Read interviews with students from the Master of Science programme (MSc) in Mathematics-Economics:'
“It’s a great degree programme. It’s very mathematically intense, so we end up with some really good skills. We have special expertise,” says Lea Nøhr Hjelmager Hansen, who holds a BSc in Mathematics-Economics and decided to do a master’s degree in the same discipline.
Why did you choose to do Mathematics-Economics?
During my last year of upper secondary school, I realised that mathematics was probably the right path for me. But I also considered studying French. I had a gap year, working at a restaurant and in a supermarket for the first six months. Then I went to a language school in Lyon for two months and then to Paris for a few months.
Gap years are frowned upon these days. Would you recommend this to others?
I needed it – I had to learn to be more open and to stand on my own two feet. But I could feel that it had been a year since I had last worked with mathematics when I started my studies. I took me a couple of months to get back into the study mindset. If you have strong social skills, you might not need a gap year.
What do you think of the programme?
It’s a great programme. It’s very mathematically intense, so we end up with some really good skills. We have special expertise. There are other degree programmes that combine economics and mathematics – but the Mathematics-Economics programme is a good combination: We cover some of the social science aspects from the MSc in Economics programme, plus the more intensive mathematical understanding.
All economic policy is based on mathematics. Financial risks are also determined using mathematics. It’s great to be able to explain what you see and hear! When listening to right-wing politicians, you know immediately that they have used such-and-such a financial model, while it is obvious that the left-wingers have relied on a different one.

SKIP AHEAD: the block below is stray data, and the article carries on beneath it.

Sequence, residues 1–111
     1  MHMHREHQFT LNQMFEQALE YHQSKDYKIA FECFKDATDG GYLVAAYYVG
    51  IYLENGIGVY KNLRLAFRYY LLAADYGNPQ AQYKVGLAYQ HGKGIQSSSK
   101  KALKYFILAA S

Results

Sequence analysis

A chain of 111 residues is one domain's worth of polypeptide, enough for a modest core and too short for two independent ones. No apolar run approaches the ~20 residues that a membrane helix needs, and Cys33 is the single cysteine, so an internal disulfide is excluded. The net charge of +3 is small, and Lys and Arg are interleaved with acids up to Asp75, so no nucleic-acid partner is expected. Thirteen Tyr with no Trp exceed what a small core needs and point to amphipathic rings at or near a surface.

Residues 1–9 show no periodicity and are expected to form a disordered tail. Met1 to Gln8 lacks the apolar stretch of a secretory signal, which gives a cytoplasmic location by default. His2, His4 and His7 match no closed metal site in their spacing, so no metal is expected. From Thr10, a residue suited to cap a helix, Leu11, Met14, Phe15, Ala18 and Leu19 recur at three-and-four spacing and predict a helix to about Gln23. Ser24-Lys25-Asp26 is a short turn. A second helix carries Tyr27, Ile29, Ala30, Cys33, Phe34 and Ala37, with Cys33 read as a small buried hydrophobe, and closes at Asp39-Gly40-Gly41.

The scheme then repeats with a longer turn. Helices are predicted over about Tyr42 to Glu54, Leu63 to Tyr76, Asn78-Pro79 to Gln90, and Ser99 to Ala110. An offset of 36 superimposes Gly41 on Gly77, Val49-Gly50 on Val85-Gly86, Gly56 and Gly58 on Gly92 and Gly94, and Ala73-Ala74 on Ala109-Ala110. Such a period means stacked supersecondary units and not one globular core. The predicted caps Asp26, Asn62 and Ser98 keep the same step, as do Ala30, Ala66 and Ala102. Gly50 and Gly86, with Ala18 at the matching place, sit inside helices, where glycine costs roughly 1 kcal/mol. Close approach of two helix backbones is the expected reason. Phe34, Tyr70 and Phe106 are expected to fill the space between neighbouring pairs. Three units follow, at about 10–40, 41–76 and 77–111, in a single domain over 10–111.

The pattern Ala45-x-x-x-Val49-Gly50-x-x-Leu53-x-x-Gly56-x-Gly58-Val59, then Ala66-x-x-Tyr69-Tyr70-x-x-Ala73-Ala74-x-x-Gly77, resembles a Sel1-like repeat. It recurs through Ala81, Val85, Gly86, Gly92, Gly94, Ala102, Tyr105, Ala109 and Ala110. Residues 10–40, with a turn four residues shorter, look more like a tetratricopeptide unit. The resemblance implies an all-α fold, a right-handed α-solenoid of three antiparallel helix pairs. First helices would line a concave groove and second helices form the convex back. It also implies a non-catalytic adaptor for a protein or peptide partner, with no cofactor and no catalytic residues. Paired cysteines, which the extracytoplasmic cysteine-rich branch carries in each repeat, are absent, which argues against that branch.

What was the transition from bachelor’s to master’s programme like?
Things definitely became much more advanced. The BSc programme focuses on more basic knowledge. The compulsory subjects are more advanced on the MSc programme – the level of complexity is higher.
But you also get a lot more choice. The MSc programme consists of only four compulsory courses, and eight electives. This has allowed me to do courses at CBS and on the MSc in Economics programme.
Doing electives at CBS was great. They have a strong focus on the practical application of the mathematical theories, whereas the level of abstraction is higher on the Mathematics-Economics programme.
The MSc programme is more time-consuming, but also more interesting. I can now see why I had to learn what I did on the BSc programme. You can suddenly see the relevance and practical applicability of things that seemed totally abstract on the BSc programme. Suddenly, everything makes perfect sense. And the compulsory courses from the BSc programme are combined in such a way that they become really useful.
What is the job situation?
It’s good. Most graduates get a job quickly. There are not very many of us, and we have special expertise. Only 20-25 people graduate each year.
Graduates from the Mathematics-Economics programme can go on to work in the public sector or the private sector. I personally would like to work in the financial sector. Preferably in a bank, a pension company or an investment fund.
We usually land jobs working with advanced mathematics and developing and programming models for use in the company.
Do you have any tips for people thinking about studying Mathematics-Economics?